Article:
May 15, 2015

What scientists in all ages knew

Comment on Lars Syll on ‘Why the ergodic theorem is not applicable in economics’


“The bifurcation of motion into two fundamentally different types, one for natural motions of non-living objects and another for acts of human volition ... is obviously related to the issue of free will, and demonstrates the strong tendency of scientists in all ages to exempt human behavior from the natural laws of physics, and to regard motions resulting from human actions as original, in the sense that they need not be attributed to other motions.” (Brown, 2011, p. 211)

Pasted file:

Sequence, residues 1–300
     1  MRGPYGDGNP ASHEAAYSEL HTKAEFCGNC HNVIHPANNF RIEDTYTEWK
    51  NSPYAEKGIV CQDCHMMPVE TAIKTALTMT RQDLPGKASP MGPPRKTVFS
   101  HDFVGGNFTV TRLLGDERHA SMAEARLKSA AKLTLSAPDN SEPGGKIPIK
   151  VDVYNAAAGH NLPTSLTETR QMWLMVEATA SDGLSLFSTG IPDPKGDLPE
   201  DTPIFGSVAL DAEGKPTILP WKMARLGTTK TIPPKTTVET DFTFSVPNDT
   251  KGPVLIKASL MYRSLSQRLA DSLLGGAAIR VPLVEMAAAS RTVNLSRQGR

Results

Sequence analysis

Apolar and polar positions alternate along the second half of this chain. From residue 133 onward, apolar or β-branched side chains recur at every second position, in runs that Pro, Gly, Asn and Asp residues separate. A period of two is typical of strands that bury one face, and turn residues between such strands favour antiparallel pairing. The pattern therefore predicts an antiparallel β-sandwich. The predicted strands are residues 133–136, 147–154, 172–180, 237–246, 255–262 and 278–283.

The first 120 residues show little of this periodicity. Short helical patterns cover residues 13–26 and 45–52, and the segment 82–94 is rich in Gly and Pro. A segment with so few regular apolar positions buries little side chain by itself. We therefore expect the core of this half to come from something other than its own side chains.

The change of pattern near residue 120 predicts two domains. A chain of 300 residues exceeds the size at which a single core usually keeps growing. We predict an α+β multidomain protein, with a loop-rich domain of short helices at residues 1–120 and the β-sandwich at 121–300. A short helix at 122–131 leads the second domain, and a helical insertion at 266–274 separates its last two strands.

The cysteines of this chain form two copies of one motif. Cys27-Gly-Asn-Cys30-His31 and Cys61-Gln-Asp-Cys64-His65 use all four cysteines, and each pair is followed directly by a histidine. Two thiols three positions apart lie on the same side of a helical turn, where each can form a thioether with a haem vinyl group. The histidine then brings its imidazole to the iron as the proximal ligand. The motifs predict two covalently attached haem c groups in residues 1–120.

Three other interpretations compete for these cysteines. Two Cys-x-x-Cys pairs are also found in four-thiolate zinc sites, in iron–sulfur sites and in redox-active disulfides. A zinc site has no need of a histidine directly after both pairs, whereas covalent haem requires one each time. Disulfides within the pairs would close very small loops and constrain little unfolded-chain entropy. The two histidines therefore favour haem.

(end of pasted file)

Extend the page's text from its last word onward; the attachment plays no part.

It is a bit strange that economists, who after more than 200 years still cannot tell the difference between profit and income and have still not realized that utility and equilibrium are nonentities like dancing angels on a pinpoint, lecture physicists about the ‘intersubjective transfiguration of classical Newtonian principles guided by general relativity’s equivalence principle.’

Orthodoxy is odd enough and Heterodoxy should not strive to surpass what will be footnoted in the history of ideas as an embarrassing scientific aberration.

Egmont Kakarot-Handtke

Brown, K. (2011). Reflections on Relativity. Raleigh, NC: